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There have been labor advocates who have tried to reclassify gig workers as employees, ever since the emergence of on-demand work. This is due to the belief that on-demand workers receive no or little protection, while bearing the employer’s costs. In support of this point of view, a state Supreme Court ruling in California in April 2018 found that employers must use a narrower test when deciding how to classify workers. The decision resulted in a mandate for cannabis-delivery workers to be classified as employees. As a result, the indications are that an increasing number of companies may have to classify gig workers as employees.
Uber and other California-based companies may be subject to overtime and minimum-wage laws for gig workers in the future. It is estimated that a shift from the contract worker to the employee model could cost companies an additional 20 to 30%.The Supreme Court ruling has implications for the classification of workers and can make it harder to categorize workers as independent contractors.
The test applied by the Supreme Court in California to determine a worker’s status was much simpler than previous tests. Instead of applying numerous different factors to determine whether someone is an employee, the court used the test of whether the worker performs a job that is part of the usual course of the company’s business. If it is found that a worker can answer yes to this test, they will be considered to be an employee and not a contract worker. Additionally, a company needs to demonstrate that it does not direct the worker and the worker actually operates their business in an independent way.
The independent contractor vs. employee debate continues in relation to on-demand workers. It is advisable to seek legal advice when hiring gig workers. It is generally accepted that gig workers fall under the category of contract workers. However, the ruling by the Supreme Court in California could mean that there is a change in this area.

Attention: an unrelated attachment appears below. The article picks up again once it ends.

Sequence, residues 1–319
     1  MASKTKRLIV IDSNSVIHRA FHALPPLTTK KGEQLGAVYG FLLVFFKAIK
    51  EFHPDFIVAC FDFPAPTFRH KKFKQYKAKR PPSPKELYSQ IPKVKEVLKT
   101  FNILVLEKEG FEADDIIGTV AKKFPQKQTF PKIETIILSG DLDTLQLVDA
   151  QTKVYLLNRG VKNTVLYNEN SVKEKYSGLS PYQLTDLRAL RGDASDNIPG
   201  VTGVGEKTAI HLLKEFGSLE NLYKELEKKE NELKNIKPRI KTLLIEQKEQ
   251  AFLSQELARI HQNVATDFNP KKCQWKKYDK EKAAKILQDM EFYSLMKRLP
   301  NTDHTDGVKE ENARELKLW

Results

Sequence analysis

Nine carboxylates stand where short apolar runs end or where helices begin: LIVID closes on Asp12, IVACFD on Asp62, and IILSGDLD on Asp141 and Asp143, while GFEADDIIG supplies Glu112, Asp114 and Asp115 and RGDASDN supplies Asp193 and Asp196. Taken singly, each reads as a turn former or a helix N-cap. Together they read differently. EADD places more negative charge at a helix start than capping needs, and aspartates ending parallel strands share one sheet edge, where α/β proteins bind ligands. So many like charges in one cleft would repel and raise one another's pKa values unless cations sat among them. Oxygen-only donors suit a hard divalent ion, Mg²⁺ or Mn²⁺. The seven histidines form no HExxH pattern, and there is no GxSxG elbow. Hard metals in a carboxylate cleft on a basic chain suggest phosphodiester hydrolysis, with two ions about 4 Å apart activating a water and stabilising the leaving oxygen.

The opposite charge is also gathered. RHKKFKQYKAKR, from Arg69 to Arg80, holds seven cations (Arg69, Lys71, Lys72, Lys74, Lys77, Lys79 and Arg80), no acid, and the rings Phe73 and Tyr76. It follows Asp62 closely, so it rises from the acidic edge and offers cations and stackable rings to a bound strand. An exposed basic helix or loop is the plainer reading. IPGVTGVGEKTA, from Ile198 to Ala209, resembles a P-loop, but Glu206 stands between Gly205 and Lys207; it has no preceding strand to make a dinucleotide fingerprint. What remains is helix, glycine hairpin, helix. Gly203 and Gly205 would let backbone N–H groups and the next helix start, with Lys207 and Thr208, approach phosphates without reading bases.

Being clear on the differences between employees vs. independent contractors can save your business from paying financial penalties. Misclassifying workers may result in your business being ordered to pay the worker’s employment taxes. If a contract worker claims that they should be an employee, you can appeal with a counterclaim and show evidence that your business relationship does not constitute that of an employer and employee.
You must try to stick to all the legal requirements when classifying a worker as an independent contractor. In order to satisfy as many of the contract worker requirements as possible, it is advisable to show that the work that is carried out is independent of your business.
Since there are tax implications when classifying workers and independent contractors, misclassification can mean that your company will be responsible for paying back taxes.
Should your company classify an employee as a contract worker, the worker has the right to bring an unemployment claim against your business after their contract has expired. This could result in your company being fined thousands of dollars by the Department of Labor.
Where a company classifies workers as independent contractors intentionally or fraudulently, they can face a fine of up to hundreds of thousands of dollars. The case of Norwood Commercial Contractors Inc. demonstrates the penalties that can be given for misclassifying workers. The company was ordered to pay nearly $400,000 for misclassifying some workers and failing to pay other employees for the hours they worked.
Different industries have distinct rules and regulations in terms of employee classification. For example, the healthcare industry is heavily regulated, so extra care needs to be taken when determining whether someone is a contract worker.
The guidelines above should help you when deciding whether a worker is an employee vs. an independent contractor. Although there is some ambiguity around the classification of workers, this type of uncertainty should not be part of other elements of your hiring process.
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If you need to hire employees, contract workers or a combination of both, sign up for a free trial of Fountain today to find out how we have helped companies like Safeway, UberEats and Deliveroo to simplify and boost the efficiency of their hiring process.